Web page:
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Demographics Longevity

Mortality Rates On The Rise For Generation X and Y

4 weeks, 1 day ago

2777  0
Posted on Dec 22, 2018, 8 p.m.

There is a decline in the US life expectancy, which is not just from the Baby Boomers, Gen X and Y are also influencing the decline, with the causes of premature mortality varying by race, gender, and ethnicity according to researchers from Duke University.

Data was examined from the CDC’s Mortality Multiple Cause Files for the years of 1990-2016 studying the cause of death for Americans born from 1946-1992. Gen Xers aged 38-45 and Gen Yers aged 27-37 were identified as the age cohorts with elevated mortality patterns, particularly non-Hispanic whites, adding to the increase among the aging Silver Tsunami Baby Boomer generation.

As published in the International Journal of Epidemiology Gen Xers and Gen Yers were aged 25-43 during the Great Recession and faced with greater difficulty finding jobs which may have contributed to greater health impacts.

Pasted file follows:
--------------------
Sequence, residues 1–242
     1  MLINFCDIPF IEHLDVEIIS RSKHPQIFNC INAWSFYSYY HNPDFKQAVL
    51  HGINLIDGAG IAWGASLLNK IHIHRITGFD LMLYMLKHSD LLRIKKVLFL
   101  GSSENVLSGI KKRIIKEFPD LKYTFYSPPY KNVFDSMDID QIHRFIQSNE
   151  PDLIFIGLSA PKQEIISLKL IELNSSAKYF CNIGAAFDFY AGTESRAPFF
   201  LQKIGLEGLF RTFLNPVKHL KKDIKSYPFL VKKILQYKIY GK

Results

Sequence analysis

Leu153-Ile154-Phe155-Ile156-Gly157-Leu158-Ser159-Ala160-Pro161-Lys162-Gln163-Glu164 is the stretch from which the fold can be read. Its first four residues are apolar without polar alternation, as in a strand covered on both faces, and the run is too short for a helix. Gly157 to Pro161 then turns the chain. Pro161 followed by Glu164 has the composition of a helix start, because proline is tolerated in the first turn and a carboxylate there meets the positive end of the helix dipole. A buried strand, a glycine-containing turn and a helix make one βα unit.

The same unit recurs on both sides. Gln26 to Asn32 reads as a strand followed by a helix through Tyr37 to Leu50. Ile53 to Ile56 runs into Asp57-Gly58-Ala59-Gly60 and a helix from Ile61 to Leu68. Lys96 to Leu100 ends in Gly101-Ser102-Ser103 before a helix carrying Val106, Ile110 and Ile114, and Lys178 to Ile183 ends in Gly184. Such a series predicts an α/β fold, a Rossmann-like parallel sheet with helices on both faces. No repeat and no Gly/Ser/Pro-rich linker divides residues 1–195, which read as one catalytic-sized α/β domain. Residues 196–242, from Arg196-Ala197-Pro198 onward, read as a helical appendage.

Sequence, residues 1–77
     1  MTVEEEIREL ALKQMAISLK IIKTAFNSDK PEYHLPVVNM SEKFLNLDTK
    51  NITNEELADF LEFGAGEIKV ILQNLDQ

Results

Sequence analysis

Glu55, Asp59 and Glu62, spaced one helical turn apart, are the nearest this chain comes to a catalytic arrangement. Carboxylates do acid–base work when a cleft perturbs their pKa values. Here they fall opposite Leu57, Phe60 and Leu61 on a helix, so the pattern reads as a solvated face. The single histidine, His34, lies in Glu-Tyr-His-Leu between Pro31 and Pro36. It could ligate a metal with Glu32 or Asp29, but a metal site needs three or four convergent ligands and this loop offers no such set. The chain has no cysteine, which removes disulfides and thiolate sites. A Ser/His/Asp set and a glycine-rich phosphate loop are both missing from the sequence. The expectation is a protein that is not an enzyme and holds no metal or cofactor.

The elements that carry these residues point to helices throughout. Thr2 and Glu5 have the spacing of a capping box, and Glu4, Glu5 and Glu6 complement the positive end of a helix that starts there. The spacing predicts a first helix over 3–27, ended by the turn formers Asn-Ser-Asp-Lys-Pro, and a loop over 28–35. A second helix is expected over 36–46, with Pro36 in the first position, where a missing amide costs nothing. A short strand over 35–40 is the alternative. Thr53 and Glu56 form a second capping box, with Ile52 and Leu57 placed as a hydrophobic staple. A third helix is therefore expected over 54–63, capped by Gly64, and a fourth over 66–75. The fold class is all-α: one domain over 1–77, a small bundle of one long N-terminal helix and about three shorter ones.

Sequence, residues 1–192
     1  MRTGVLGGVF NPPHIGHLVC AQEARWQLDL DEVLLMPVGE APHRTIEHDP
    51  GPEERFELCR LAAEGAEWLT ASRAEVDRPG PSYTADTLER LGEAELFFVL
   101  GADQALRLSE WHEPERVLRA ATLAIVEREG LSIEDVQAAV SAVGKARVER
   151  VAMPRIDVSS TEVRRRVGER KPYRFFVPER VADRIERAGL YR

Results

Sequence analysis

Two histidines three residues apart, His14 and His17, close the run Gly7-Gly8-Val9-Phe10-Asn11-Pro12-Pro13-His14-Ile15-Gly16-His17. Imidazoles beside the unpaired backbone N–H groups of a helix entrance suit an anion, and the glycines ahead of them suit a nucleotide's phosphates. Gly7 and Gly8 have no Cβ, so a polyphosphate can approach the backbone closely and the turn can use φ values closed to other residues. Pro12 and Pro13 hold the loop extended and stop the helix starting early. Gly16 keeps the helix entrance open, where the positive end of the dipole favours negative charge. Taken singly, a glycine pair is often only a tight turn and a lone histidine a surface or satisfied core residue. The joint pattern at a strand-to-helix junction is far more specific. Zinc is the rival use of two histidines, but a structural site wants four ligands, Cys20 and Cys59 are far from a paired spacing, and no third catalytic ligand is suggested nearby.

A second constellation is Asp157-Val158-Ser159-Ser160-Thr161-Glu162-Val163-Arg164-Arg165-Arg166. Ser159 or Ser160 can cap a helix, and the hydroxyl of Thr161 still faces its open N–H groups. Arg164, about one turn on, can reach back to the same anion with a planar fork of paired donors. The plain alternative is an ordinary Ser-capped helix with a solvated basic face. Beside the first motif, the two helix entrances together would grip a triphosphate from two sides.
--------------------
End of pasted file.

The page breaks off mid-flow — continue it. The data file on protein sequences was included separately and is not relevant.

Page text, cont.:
Death rates in 5 different age cohorts were examined, comparing men and women, as well as whites, blacks, and Hispanics; 9 leading causes of death for each cohort were examined, finding underlying causes for increased mortality varied for different ethnic groups, between genders in the cohorts, and in ethnicities.

5 causes of death drove the rising mortality rates for the aging Baby Boomers: Drug overdoses; external causes such as accidents and homicides; COPD; suicides; and HIV/AIDS across all race, ethnic, and gender groups.

For Gen Xers (born 1973-1980) and Gen Yers (born 1981-1991) age cohorts leading causes of death vary by ethnicity:

  • Hispanics: suicides and overdoses were the leading cause of death
  • Non-Hispanic Whites: overdoses and alcohol related diseases for both genders is increasing
  • Non-Hispanic black women: diabetes related mortality is increasing
  • Non-Hispanic black men: cancer; alcohol related disease; and external causes such as accidents were the leading causes.

The time frame studied spans the opioid crisis and the Great Recession, some of the disparities may reflect different access to opioid prescriptions among ethnic groups notes Emma Zang.

Materials provided by Duke University.

Note: Content may be edited for style and length.

<www.sciencedaily.com/releases/2018/12/181219142540.htm>

Journal Reference:

Emma Zang, Hui Zheng, Yang Claire Yang, Kenneth C. Land. Recent Trends in U.S. Mortality in Early and Middle Adulthood: Racial/Ethnic Disparities in Inter-Cohort Patterns. International Journal of Epidemiology, 2018 DOI: http://dx.doi.org/10.1093/ije/dyy255




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